This case study was originally published along with a dozen others in our free e-book, Collected Voices: Data-Informed Nonprofits. You can download the e-book here.
In January 2013, the Communities of Impact kicked off with a retreat at Microsoft Headquarters in Redmond, WA. While there, we held a Failfaire-style conversation about times when our best-laid plans went awry.
For one participant, this was a chance to reflect on how a massive project taught him that there really is no such thing as an end result. At Parents as Teachers, a project that began seven years ago may never be finished – and that might be OK.
NTEN: Richard, tell us about PAT, your role there, and the data management system.
Richard Wollenberger (RW): PAT helps organizations and professionals work with parents during the critical early years of their children’s lives, from conception to kindergarten. I’m the IT Director. We have 65 staff and an annual budget of about $11 million.
When I came on board in 2006 PAT had been using a homemade database to track trainings and certifications. The tool was well-built to immediately handle whatever needs someone came up with, but ill-conceived in terms of long-range scalability and expandability. (One example: Every year, we train 500-700 people across the country. Every trainee had to fill out a registration form of two to 10 pages by hand and fax it in, and then someone on our end had to do data entry.) Then we hit a physical limit in the system that there was no way around.
I suggested that the CEO, my boss, meet with the business managers to tell her why the existing system didn’t meet their needs. I wanted it to be clear that this wasn’t a case of IT needs something to do and needs a budget for it. Each department got to outline their needs as business priorities. And in 2007, we brought a vendor in to meet the board, explain the project, do a needs analysis, and build a customized CRM system based on the Microsoft Dynamics CRM and Sharepoint.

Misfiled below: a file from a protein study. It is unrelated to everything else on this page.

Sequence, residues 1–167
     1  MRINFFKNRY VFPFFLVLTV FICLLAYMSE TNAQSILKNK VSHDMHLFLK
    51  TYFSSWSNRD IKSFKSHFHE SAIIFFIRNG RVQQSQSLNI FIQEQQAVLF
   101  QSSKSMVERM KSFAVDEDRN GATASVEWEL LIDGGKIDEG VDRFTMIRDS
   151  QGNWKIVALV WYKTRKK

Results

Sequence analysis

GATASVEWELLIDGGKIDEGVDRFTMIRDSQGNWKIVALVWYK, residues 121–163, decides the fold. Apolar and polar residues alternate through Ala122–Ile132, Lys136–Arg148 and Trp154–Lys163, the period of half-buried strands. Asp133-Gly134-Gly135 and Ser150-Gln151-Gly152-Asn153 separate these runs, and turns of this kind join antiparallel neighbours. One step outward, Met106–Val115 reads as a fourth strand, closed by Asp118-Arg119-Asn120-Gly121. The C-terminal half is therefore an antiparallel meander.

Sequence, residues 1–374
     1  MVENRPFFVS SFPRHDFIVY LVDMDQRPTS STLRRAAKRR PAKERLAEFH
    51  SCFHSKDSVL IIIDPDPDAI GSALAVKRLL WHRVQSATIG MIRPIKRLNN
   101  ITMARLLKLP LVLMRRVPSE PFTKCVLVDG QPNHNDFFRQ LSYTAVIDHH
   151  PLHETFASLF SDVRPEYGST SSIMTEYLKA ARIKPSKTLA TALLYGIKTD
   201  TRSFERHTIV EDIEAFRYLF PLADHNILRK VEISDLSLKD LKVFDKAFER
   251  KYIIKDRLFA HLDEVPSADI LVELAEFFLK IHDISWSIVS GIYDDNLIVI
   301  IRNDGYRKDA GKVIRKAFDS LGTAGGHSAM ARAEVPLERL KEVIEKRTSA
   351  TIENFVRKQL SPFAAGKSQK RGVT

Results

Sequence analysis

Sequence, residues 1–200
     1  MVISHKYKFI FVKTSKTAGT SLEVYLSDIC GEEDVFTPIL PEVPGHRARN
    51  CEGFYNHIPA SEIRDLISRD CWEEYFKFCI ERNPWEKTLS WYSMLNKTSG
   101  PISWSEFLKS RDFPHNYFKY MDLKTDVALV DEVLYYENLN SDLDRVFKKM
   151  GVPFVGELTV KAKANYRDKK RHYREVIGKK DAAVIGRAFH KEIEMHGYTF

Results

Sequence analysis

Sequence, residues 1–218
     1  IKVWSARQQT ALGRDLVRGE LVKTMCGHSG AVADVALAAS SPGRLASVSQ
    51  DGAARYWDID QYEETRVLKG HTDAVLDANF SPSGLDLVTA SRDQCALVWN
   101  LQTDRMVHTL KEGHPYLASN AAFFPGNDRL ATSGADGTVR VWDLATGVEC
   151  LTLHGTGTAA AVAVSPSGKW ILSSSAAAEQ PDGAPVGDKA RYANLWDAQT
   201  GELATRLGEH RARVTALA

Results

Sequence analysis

NTEN: Then things went wrong. What happened?
RW: In fall 2007, a change in financial leadership revealed that mistakes had been made that led us to think we were in a better financial position than we were. Our budget fell apart, 15% of staff was let go, and the project was postponed. Months went by; we focused on other things and made do with our old system.
However, in 2008, PAT was able to hire a consultant to help us with an organization-wide SWOT analysis and a study of the early childhood education environment. I talked to the consultant about how technology could be a solution in different areas. Normally IT isn’t in a strategic plan; it’s a means to achieve your strategic plan. But in this case, using modern technology effectively became a pillar in our 2009-2012 strategic plan.
Then one day my boss said, I know you think I’ve forgotten about this, but I want to show you something. She picked up a folder where shed kept her notes regarding a new data management system. Our organization’s 25 year anniversary was coming up in 2009, and I was able to work with our fundraising team to secure grants as well as a commitment from the board for a capital campaign to finance the project. In 2011, we finally went live with the new online system.
NTEN: And what have been the results?
RW: On the plus side: We’ve reduced the number of systems we use from 13 to four. We moved all technical communication between those systems to automated processes, reduced our carbon footprint by eliminating faxed/printed forms, cut the time it takes to register for a training (from three to four weeks to instant!), and we’ve freed our staff from simple data entry. They’re now knowledge workers who can work with data entered by our customers.
But there are drawbacks. Any system like this is feature-laden and complex. It was beyond our ability to properly comprehend. We’ve set up so many rules and regulations that some departments hit snafus if others take certain actions in the system.
NTEN: What advice would you offer someone who is considering implementing a data management system like yours?
RW: When you’re trying to automate business processes, you must have them documented. And if you don’t have them written, create them before you try to automate them.
Documentation and communication are more critical than ever. The best thing about collaborating has been meeting with different departments to create our flowcharts. When we talk about these little nuances of the process, we realize that a step might mean different things in four other departments. To hear a topic discussed from all of those perspectives was eye-opening. In our old world they weren’t connected.
NTEN: What happened after you reflected on this in our session about failure?
RW: I remembered that everyone in our field can relate to not having the success they wanted at something. And I realized that this is a process, and there really is no such thing as an end result. A project has an end, but most nonprofits (hopefully) won’t. The real result is continuous improvement. And you have to celebrate whatever successes you do have.